A Chic Swimming Pool Alternative for Small Backyards
AN ELEGANT compromise between a yard-usurping swimming pool and a Nemo-themed kiddies’ inflatable, the plunge pool has surged in popularity. According to Heather Goerzen, managing editor of design content for online interiors service Havenly, plunge pools became an ‘it’ project during Covid, rivaling home-baked sourdough. Plunge pool manufacturer Soake, in Pembroke, N.H., said that its revenue for the first half of 2022 is 14.5 times higher than in the first half of 2019.
Larger than a hot tub but too small for swimming laps, petite pools are particularly popular in areas with micro-yards, whether due to real-estate prices, tiny lots or both. For anyone who’s so constrained but still longing to sip a cocktail while soaking on a pool step or to cannonball in after a long day, these little dippers can appeal. Athletic types can outfit the setup with an artificial current that provides resistance for swimming in place, like an aquatic treadmill.
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Built from concrete or fiberglass, the often-prefab pools are lined with tile, vinyl or gunite (a blend of sand, cement and water). The footprint falls between 15 to 20 feet long and 6 to 10 feet wide with a flat bottom at a depth of 4 to 7 feet. Starting at $40,000, say most designers, plunge pools are both relatively economical and easier to integrate into landscaping than is a standard 36-foot-long pool. In Milton, Mass., designer Jenn Nawada tucked a Soake pool into the corner of a reclaimed-brick patio. She clad the aboveground portion with stone veneer that also wraps around contiguous planters. Handsome bluestone coping caps the walls, and coddling plantings set off the pool from the rest of the expansive lot. New York City designer Daun Curry considers such verdant borders crucial. Plunge pools, she warned, “can feel underwhelming on larger properties if not incorporated into a well-designed landscape.”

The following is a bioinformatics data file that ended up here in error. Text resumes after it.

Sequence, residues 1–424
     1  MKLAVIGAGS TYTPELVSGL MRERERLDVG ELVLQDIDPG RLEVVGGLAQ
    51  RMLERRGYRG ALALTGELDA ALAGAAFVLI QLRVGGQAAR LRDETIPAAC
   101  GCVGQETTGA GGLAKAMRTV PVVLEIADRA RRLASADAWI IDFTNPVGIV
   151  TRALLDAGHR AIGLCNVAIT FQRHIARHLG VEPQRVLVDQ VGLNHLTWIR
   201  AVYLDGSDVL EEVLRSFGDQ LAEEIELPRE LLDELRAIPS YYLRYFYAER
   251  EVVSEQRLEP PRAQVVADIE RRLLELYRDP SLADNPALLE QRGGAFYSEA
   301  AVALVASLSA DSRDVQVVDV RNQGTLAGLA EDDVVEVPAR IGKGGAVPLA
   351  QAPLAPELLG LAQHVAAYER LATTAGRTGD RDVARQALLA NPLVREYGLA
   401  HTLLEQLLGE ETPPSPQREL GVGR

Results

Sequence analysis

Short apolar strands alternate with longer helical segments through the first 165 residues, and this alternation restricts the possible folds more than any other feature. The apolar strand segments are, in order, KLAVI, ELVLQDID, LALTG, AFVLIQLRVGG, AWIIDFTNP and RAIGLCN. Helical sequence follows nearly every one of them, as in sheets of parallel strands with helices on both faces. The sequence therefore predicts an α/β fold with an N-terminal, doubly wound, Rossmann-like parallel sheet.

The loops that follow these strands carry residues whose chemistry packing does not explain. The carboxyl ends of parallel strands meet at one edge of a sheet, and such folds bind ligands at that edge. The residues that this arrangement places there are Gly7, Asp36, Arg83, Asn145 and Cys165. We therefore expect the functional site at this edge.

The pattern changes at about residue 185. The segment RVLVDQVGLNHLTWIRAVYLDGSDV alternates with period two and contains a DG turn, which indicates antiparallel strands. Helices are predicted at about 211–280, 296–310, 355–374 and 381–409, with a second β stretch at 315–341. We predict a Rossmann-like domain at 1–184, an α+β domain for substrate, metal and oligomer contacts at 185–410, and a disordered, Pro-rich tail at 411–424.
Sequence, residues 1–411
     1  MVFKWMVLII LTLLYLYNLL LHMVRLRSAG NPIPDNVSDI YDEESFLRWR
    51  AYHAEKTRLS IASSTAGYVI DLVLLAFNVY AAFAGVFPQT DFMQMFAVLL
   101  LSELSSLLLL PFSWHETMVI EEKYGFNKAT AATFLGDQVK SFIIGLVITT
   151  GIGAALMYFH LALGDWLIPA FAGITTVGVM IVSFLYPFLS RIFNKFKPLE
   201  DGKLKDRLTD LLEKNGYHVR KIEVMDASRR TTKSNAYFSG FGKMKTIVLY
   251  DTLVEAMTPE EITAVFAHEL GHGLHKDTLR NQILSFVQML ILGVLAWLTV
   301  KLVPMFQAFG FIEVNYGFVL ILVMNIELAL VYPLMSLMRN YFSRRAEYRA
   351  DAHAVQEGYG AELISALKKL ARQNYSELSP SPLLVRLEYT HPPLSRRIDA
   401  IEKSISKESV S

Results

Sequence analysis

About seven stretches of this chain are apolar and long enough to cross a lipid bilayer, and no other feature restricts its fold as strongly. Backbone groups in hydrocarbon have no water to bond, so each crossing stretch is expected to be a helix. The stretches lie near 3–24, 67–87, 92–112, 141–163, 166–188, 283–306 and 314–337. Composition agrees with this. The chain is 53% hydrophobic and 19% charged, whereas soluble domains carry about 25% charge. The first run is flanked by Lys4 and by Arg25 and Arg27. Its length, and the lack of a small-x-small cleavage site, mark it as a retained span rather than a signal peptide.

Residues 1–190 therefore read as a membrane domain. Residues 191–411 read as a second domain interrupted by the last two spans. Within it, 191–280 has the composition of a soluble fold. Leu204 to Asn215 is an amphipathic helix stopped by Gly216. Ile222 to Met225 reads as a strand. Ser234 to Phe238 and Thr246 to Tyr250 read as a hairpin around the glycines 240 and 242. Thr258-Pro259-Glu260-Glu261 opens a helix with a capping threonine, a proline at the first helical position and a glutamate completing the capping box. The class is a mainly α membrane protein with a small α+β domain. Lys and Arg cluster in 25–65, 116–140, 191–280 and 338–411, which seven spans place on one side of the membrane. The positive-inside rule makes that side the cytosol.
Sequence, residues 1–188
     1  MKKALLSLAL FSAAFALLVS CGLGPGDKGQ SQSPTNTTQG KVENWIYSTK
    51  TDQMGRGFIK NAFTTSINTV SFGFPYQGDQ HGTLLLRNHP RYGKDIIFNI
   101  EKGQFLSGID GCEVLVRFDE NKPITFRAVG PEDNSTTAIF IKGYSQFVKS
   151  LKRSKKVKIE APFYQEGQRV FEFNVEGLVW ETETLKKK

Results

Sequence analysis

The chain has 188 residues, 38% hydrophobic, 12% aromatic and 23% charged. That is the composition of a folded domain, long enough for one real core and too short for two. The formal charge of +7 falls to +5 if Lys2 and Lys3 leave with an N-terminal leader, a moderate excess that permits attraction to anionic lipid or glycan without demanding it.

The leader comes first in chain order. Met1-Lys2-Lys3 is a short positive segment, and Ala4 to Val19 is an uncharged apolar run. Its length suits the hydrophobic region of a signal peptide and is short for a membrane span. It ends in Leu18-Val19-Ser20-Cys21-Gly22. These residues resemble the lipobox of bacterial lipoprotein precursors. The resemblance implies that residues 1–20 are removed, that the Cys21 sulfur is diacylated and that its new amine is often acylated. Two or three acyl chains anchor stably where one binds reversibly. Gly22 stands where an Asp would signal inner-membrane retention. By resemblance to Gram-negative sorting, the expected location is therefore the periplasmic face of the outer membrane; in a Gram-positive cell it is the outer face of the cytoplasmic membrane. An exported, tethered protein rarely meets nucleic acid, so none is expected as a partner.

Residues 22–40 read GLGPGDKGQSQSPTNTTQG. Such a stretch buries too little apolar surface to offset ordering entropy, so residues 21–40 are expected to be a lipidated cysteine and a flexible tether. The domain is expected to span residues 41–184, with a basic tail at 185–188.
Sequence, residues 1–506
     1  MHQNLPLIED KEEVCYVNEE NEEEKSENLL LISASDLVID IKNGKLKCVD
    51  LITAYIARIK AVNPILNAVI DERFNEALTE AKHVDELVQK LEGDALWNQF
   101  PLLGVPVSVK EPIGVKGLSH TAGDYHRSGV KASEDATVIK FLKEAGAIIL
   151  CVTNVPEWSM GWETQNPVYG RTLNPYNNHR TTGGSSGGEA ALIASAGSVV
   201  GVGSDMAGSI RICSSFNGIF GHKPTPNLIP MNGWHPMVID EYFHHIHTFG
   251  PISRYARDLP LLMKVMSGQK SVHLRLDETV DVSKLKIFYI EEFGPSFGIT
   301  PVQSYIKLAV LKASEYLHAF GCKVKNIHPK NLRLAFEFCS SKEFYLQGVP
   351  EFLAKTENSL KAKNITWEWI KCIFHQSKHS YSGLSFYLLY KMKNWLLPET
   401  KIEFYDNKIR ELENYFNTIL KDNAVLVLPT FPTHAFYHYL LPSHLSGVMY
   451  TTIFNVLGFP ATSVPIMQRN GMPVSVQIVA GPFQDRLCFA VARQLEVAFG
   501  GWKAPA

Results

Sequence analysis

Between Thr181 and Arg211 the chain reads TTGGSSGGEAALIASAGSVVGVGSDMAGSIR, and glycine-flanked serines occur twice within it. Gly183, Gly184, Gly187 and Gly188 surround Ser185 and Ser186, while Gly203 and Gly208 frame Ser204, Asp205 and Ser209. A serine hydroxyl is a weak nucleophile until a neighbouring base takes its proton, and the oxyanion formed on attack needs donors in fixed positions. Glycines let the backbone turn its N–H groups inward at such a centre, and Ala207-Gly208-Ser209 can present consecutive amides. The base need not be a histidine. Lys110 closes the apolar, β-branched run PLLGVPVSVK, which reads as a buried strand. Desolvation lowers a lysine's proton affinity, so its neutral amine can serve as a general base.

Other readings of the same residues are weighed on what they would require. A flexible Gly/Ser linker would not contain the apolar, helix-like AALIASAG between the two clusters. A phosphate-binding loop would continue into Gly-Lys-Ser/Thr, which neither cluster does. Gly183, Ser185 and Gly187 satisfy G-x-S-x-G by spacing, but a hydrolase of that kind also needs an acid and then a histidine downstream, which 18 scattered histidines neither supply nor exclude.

Bo Massey, a designer in Inlet Beach, Fla., values the diminutive dunks’ versatility. “They’re small enough to easily heat, so they serve as a pool in summer and a hot tub in colder months.” If you sub in a pool chiller for a heater, the setup becomes a cold plunge like the one Holly Thaggard, founder of skin-care brand Supergoop, recently added to her home in San Antonio. Set to 44 degrees, the pool recreates spa treatments that she and her husband found helped their bodies recover from long hikes. “We became so hooked on how alive and refreshed it made us feel, we needed one for our own house,” she said.
In Greenwich, Conn., local landscape architect Janice Parker added three little waterfalls to the wall that edges a fully in-ground version she surrounded with lawn and hydrangeas, shown above. Given its small size and oasis-like surroundings, she said it “feels like floating in the garden rather than going for a swim in the pool.”